Swain took the railway into London. The hubbub of London was to his disliking. Cars drove too fast, and people walked at high-speed clips. However, someone had slipped a note under his cottage door. The hand scribbled note only had an address, time, and date—tomorrow. At the bottom, a small cross was penned over twice.
The next day, he wandered around London until he found the building. It was the corporate headquarters for the Zeldon Petrol Company. Dressed like a vagrant with a rucksack on his back, he entered the plush building. The guard at the desk was ready to bounce him out on his ear. His bum uniform and three-day stubble turned the guard off. The minute he said, “William Kenneth Swain,” the guard’s face softened.
The guard cleared his throat and smiled. “Oh yes, I will have you accompanied to the conference room by an attendant.” He picked up the telephone and quietly talked for a few seconds. As he hung up the receiver, he said, “Someone will show you to your meeting posthaste.”
A tall woman, wearing a blue suit, nylons and high heels, appeared in the vestibule. The clacking of her heels on the granite floor irritated Swain. He followed her down a labyrinth of hallways. She opened a cherry wood door without a nameplate, mentioned a hand to enter, and abruptly closed the door behind him. A redheaded woman with wire-rimmed glasses sat at the conference table, leisurely drinking a cup of tea. Swain sat down next to her, thinking this was going to be a wild-goose chase. Wordlessly, she poured hot water into a cup of tea leaves and slid the cup in front of him.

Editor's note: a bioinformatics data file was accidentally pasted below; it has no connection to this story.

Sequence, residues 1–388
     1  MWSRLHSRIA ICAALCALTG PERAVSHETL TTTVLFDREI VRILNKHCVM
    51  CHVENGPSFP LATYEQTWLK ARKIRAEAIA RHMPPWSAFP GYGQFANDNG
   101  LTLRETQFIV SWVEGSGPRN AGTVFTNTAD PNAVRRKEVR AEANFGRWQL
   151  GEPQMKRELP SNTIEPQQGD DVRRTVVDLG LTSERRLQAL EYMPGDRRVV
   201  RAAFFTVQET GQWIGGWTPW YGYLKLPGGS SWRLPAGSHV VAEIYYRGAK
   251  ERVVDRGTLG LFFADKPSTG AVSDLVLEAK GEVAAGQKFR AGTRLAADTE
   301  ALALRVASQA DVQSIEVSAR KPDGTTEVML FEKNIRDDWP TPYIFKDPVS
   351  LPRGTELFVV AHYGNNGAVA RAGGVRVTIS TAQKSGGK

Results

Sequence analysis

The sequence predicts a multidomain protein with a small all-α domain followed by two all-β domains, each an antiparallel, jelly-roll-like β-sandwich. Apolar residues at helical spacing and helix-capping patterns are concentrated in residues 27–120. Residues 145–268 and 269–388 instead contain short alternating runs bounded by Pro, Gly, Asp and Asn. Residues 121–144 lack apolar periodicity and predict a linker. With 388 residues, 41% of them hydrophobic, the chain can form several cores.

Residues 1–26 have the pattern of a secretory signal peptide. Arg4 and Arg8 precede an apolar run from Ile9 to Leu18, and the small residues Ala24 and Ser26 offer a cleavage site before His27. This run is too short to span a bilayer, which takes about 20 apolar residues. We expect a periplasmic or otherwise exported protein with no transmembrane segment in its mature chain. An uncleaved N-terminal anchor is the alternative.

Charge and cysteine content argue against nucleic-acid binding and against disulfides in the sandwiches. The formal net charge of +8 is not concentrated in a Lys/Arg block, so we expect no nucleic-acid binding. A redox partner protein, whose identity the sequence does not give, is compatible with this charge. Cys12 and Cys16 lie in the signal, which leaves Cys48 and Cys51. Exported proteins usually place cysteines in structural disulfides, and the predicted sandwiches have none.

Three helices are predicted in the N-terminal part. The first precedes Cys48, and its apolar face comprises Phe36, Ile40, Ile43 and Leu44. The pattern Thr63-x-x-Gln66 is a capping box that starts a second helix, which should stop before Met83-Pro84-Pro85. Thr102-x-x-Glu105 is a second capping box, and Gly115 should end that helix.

“My name is Ruth Cambridge. She adjusted her glasses with a gold librarian chain hanging from the arms and took a sip of her tea. “I’m a Cartographer.”
Swain nodded to her. The maidenly black high-necked wool dress and schoolmarm glasses made her look old-fashioned. A delicate gold cross on a chain hung around her neck.
Ruth flipped open a file. “I see that you have done extensive intelligence and reconnoitering while the Axis occupied Northern Africa.” She looked up from the file. “Major, we have a new method of mapping. The Germans have no idea that the Americans having been working on this since Pearl Harbor.”
She adjusted her glasses again. “Are you familiar that the Roman Claudius Ptolemaeus of the Alexandria Library, known as Ptolemy?” She didn’t wait for him to answer. “During his life, he wrote a booked called Geography. No one is quite sure of the actual date, but it was after 130 B.C. In fact, this work is the most influential scientific manuscript that has survived from that classical period. Ptolemy outlined the topography of Europe and Asia by coordinates. Before the war, the book Geography was translated into English.
“Ptolemy devised positions on the globe in a grid system, which charted the known world at the time. His work employed a system of longitudes and latitudes, influencing mapmaking to the present day. Since then, the science of cartography has evolved.